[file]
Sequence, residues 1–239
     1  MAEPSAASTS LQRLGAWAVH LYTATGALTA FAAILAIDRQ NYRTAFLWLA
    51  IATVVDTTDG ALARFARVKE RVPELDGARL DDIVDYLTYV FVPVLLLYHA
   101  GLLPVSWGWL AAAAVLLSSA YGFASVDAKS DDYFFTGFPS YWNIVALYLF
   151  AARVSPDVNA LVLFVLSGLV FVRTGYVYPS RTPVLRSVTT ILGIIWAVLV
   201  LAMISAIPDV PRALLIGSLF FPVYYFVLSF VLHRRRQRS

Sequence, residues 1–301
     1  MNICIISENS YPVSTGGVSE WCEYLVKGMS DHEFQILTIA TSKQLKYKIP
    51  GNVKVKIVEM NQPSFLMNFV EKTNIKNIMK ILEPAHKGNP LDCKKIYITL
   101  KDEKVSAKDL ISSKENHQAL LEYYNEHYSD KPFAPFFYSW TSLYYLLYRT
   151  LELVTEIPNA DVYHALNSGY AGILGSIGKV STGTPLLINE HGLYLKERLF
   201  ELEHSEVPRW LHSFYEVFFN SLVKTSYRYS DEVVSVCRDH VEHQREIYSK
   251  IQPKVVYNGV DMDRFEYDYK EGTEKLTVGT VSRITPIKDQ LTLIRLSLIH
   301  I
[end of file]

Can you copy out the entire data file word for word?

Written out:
Sequence, residues 1–239
     1  MAEPSAASTS LQRLGAWAVH LYTATGALTA FAAILAIDRQ NYRTAFLWLA
    51  IATVVDTTDG ALARFARVKE RVPELDGARL DDIVDYLTYV FVPVLLLYHA
   101  GLLPVSWGWL AAAAVLLSSA YGFASVDAKS DDYFFTGFPS YWNIVALYLF
   151  AARVSPDVNA LVLFVLSGLV FVRTGYVYPS RTPVLRSVTT ILGIIWAVLV
   201  LAMISAIPDV PRALLIGSLF FPVYYFVLSF VLHRRRQRS

Sequence, residues 1–301
     1  MNICIISENS YPVSTGGVSE WCEYLVKGMS DHEFQILTIA TSKQLKYKIP
    51  GNVKVKIVEM NQPSFLMNFV EKTNIKNIMK ILEPAHKGNP LDCKKIYITL
   101  KDEKVSAKDL ISSKENHQAL LEYYNEHYSD KPFAPFFYSW TSLYYLLYRT
   151  LELVTEIPNA DVYHALNSGY AGILGSIGKV STGTPLLINE HGLYLKERLF
   201  ELEHSEVPRW LHSFYEVFFN SLVKTSYRYS DEVVSVCRDH VEHQREIYSK
   251  IQPKVVYNGV DMDRFEYDYK EGTEKLTVGT VSRITPIKDQ LTLIRLSLIH
   301  I